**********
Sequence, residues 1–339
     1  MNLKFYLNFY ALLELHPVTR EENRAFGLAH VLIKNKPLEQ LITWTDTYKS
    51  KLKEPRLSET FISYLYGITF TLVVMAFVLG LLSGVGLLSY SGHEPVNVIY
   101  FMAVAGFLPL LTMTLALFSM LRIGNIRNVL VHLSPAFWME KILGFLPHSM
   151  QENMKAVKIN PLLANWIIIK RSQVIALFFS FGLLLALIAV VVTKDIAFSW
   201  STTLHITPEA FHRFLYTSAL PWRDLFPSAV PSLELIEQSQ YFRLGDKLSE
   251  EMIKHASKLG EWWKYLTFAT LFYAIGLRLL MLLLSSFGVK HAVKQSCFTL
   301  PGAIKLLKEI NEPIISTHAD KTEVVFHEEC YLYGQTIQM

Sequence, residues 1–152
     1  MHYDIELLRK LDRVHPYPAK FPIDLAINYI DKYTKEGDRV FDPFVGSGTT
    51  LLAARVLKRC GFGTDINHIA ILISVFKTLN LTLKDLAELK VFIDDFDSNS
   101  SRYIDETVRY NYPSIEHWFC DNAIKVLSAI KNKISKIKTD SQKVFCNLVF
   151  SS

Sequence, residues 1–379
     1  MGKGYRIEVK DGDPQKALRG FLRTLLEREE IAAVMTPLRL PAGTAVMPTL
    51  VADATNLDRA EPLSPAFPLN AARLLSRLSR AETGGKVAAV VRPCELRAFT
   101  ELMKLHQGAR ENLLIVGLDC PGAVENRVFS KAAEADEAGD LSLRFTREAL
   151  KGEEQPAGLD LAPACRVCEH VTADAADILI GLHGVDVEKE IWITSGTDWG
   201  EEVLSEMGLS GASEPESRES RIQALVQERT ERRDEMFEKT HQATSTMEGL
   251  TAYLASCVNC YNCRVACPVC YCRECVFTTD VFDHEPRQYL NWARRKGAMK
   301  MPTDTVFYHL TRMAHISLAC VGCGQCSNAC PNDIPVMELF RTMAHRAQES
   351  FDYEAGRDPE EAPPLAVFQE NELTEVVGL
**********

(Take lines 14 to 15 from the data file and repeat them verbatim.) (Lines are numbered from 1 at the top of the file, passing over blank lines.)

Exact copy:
Sequence, residues 1–379
     1  MGKGYRIEVK DGDPQKALRG FLRTLLEREE IAAVMTPLRL PAGTAVMPTL